Nonetheless, the lack of variety of foods in diet remains a key concern, especially for pregnant and nursing women as well as young children. And while most families feed their children complementary food, fewer than a quarter of parents provide them nutritious meals essential to their health.

In addition, 67 percent of Bhutanese adults consume less than the recommended five servings (or 400 grams) of fruits and/or vegetables per person a day [National Nutrition Survey (NNS) 2015].

When consumed, vegetables consist for the most part of two national staples, potatoes and chilies, which hardly provide essential vitamins and minerals.

Keeping regional variations in mind, between 16 and 34 percent of children under 5 are stunted—or too short for their age—seven percent of children are underweight, 35 percent of children of age 6-59 months and 44 percent of women of reproductive age are either anemic or iron deficient. Exclusive breastfeeding rates for six-month-old children remain at a low 50 percent (NNS, 2015).  

Damages caused by malnutrition during pregnancy and the first years of a child’s life are irreversible and contribute to stunting and lower immunological and cognitive development, and predispose to adult-onset diseases (including metabolic syndrome).

Thankfully, the negative impact of malnutrition on Bhutan’s economy is now better understood and has become a priority to promote its national development.

Empowering Indian women after a natural disaster hits

Hyunjee Oh's picture
In June 2013, a heavy deluge caused devastating floods and landslides in the state of Uttarakhand in India’s Himalayan foothills. Damyanti Devi, the mother of a young daughter, lost her home and livelihood. Her old house in Rudraprayag was completely washed away by the landslide.
In June 2013, a heavy deluge caused devastating floods and landslides in the state of Uttarakhand in India’s Himalayan foothills. Damyanti Devi, the mother of a young daughter, lost her home and livelihood. Her old house in Rudraprayag was completely washed away by the landslide.


This blog is part of a series exploring housing reconstruction progress in Uttarakhand, India.
  
In June 2013, a heavy deluge caused devastating floods and landslides in the state of Uttarakhand in India’s Himalayan foothills.
 
The disaster – the worst in the country since the 2003 tsunami—hit more than 4,200 villages, damaged 2,500 houses, and killed 4,000 people.
 
Damyanti Devi, the mother of a young daughter, lost her home and livelihood. Her old house in Rudraprayag was completely washed away by the landslide.
 
“The river was fast swelling up,” she said. “It had crossed the danger mark and reached close to our house. We just took our daughter and left with an umbrella and a lantern.”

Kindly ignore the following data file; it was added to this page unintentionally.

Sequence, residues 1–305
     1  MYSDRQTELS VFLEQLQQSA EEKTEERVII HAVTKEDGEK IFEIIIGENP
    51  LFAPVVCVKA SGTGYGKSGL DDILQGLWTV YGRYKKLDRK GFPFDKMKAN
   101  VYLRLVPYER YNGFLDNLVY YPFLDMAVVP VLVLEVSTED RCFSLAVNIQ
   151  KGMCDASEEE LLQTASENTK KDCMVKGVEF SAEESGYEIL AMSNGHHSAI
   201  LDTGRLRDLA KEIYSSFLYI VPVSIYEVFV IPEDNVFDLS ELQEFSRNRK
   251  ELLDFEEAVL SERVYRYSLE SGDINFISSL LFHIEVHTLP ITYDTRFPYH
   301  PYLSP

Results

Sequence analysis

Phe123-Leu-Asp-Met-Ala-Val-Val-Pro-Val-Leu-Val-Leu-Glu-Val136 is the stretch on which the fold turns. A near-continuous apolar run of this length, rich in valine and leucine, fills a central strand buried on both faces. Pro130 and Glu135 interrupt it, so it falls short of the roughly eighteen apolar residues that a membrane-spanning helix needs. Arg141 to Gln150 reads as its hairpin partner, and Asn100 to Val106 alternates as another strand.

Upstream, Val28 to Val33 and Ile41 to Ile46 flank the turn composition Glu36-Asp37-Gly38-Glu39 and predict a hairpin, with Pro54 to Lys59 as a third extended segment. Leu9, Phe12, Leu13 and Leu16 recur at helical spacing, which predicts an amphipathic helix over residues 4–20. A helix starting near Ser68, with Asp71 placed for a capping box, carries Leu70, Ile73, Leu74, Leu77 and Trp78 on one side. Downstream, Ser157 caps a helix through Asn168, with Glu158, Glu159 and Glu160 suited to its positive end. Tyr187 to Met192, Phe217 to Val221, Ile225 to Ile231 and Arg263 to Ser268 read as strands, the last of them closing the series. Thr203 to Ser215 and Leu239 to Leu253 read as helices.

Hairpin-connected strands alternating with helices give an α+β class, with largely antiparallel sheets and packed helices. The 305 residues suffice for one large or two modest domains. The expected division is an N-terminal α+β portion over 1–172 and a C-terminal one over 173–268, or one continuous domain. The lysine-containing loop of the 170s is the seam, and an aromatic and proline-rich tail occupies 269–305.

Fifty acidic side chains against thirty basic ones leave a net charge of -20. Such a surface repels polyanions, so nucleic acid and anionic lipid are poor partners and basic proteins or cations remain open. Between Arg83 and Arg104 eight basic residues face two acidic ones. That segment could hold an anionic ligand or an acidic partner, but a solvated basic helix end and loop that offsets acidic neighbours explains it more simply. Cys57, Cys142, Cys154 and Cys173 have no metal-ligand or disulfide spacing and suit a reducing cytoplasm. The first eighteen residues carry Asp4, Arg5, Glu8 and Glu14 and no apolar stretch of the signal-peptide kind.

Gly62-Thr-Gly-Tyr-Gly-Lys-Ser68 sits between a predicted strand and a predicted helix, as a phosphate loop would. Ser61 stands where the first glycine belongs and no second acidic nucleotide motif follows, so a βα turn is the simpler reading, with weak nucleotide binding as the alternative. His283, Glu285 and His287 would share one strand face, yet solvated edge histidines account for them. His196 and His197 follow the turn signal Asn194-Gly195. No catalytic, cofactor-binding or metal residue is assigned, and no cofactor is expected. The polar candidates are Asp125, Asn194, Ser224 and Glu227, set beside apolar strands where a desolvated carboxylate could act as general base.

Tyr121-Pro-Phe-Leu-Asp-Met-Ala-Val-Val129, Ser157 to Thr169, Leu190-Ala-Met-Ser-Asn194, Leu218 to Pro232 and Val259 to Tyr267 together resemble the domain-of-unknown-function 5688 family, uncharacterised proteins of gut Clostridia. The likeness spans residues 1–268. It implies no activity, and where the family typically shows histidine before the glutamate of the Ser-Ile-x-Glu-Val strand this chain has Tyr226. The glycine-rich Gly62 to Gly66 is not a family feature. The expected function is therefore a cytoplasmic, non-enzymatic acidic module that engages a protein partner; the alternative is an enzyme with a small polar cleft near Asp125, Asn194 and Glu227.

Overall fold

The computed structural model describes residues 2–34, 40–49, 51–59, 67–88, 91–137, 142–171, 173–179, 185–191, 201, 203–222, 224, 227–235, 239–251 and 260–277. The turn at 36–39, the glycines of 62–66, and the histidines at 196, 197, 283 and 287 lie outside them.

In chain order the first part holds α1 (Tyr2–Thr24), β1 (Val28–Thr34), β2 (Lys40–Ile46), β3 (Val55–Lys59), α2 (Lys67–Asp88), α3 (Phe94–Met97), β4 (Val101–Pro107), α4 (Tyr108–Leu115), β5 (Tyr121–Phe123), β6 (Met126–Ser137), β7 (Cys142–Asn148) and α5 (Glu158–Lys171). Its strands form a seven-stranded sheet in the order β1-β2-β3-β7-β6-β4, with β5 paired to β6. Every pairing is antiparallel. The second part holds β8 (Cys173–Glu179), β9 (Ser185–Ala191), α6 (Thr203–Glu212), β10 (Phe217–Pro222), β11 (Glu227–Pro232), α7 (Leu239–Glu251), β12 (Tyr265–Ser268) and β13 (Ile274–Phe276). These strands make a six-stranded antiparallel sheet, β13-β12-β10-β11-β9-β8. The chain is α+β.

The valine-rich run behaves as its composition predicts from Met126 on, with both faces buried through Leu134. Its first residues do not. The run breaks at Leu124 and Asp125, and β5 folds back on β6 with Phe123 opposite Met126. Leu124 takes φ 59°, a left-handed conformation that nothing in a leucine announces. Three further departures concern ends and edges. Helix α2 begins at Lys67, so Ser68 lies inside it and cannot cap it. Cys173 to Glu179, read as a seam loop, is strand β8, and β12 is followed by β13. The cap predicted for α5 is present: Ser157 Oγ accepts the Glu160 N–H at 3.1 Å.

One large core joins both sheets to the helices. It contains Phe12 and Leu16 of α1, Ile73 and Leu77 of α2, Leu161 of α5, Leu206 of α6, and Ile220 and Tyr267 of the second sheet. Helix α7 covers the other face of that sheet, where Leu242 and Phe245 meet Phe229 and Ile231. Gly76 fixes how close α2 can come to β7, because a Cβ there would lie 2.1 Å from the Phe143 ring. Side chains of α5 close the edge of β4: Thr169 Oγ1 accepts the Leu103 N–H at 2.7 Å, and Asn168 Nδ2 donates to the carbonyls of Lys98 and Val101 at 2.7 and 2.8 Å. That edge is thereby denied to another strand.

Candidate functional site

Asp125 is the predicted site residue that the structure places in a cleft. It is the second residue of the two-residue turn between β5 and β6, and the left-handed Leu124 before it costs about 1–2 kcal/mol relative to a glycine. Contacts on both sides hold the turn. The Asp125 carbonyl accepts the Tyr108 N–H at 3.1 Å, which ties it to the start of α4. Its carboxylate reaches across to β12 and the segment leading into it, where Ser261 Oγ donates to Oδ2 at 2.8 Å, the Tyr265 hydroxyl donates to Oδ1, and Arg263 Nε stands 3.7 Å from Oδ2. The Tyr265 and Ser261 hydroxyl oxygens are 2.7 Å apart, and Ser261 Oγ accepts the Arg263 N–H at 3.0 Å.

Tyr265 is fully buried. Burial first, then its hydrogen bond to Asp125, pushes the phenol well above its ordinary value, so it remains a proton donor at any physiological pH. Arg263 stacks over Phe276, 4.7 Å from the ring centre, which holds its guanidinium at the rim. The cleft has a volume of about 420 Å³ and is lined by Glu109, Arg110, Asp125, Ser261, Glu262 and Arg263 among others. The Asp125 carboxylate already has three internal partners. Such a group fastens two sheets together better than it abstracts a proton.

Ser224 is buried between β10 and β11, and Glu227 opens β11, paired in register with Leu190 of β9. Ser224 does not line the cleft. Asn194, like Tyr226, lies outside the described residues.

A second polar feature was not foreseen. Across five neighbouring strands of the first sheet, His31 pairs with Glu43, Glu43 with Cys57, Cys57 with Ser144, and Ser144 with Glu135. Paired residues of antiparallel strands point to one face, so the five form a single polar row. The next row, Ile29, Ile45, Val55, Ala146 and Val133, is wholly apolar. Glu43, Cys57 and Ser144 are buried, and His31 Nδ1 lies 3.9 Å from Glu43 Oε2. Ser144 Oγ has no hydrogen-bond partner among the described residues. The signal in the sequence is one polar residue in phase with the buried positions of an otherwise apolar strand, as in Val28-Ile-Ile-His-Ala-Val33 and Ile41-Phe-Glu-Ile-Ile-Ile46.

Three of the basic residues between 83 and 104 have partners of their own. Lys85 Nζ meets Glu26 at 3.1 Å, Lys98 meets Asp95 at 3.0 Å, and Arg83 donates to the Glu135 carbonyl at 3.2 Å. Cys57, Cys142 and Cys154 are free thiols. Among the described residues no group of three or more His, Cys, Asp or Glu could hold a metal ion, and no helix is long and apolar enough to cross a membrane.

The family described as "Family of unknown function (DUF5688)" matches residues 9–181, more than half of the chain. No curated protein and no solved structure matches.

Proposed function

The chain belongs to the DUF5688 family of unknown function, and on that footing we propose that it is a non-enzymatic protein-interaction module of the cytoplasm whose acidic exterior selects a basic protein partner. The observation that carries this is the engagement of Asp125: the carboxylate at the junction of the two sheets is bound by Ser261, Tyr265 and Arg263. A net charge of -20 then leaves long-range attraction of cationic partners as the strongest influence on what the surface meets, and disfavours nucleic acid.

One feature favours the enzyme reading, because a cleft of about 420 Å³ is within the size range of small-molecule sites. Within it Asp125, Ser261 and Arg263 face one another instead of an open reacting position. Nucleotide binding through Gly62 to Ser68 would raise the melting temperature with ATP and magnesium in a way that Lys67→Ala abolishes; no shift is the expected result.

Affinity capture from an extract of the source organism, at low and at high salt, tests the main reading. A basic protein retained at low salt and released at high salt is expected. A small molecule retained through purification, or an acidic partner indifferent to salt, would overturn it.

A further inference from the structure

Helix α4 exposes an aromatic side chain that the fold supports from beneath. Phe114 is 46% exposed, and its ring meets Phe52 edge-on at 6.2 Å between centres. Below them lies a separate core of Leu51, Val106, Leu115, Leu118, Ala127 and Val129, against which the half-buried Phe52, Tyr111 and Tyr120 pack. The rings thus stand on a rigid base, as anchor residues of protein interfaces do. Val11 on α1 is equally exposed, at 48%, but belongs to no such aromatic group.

She now owns a new house abuzz with music and her daughter’s laughs.
 
Like thousands of other people in Uttarakhand, Damyanti received support through the World Bank and the Global Facility for Disaster Reduction and Recovery (GFDRR) to rebuild her home.
 
This support channeled through the Uttarakhand Disaster Recovery Project (UDRP) also helped build better roads and mitigate future disaster risks in local communities.
 
A key component of the project was to rebuild 2,382 more resilient houses based on the owner-driven housing reconstruction model,  which allows families to rebuild according to their specific needs.
 
This community-driven approach is important as women are typically at greater risk from natural hazards than men, particularly those who are poor and live in low-income countries.
 
There is indeed strong evidence that disasters impact women differently and amplify gender inequalities.
 
Women and men have different perceptions of their surroundings and coping abilities, roles, responsibilities, and resources before or in the aftermath of a disaster.
 
Gender-sensitive approaches to disaster prevention, mitigation, adaptation, relief, recovery, and reconstruction can save more lives and promote more gender-inclusive development.  

With that in mind, the  housing reconstruction component of UDRP helped empower women like Damyanti in the aftermath of a disaster in 4 different ways:

Indian agriculture at a crossroads: Smart solutions towards doubling farmers’ incomes

Martien van Nieuwkoop's picture
A few weeks ago, I felt a sense of déjà vu.  I was at a roundtable on agriculture in Delhi, in the same conference hall where, ten years ago, I participated in the consultations on the Bank’s World Development Report 2008 on Agriculture for Development
 
This time we were discussing how India can build a stronger agriculture sector without further harm to the environment or depletion of its natural resources.  The high-level dialogue was attended by senior representatives from India’s Niti Aayog, Ministry of Agriculture and Farmers’ Welfare, leaders of farmers’ associations from Punjab and Haryana, as well as by researchers, academics, and donors.

We focused on the ‘agriculture-water-energy’ nexus, achieving India’s second green revolution, making agriculture more climate resilient, as well as options to stop the burning of crop residue that is worsening air quality in much of northern India. It was heartening to see the torch bearers of India’s drive towards food security unhesitatingly debate a host of complex and sensitive issues.
 
Photo Credit: Alamy Stock Photo

Over the past six decades, India has come a long way from being a famine-prone country to comfortably producing food for 1.25 billion people from finite arable land. Food security firmly in hand, the government is now targeting to double farmers’ incomes by 2022.  Today, with rapidly growing urban food markets, India is emerging as a global agricultural powerhouse.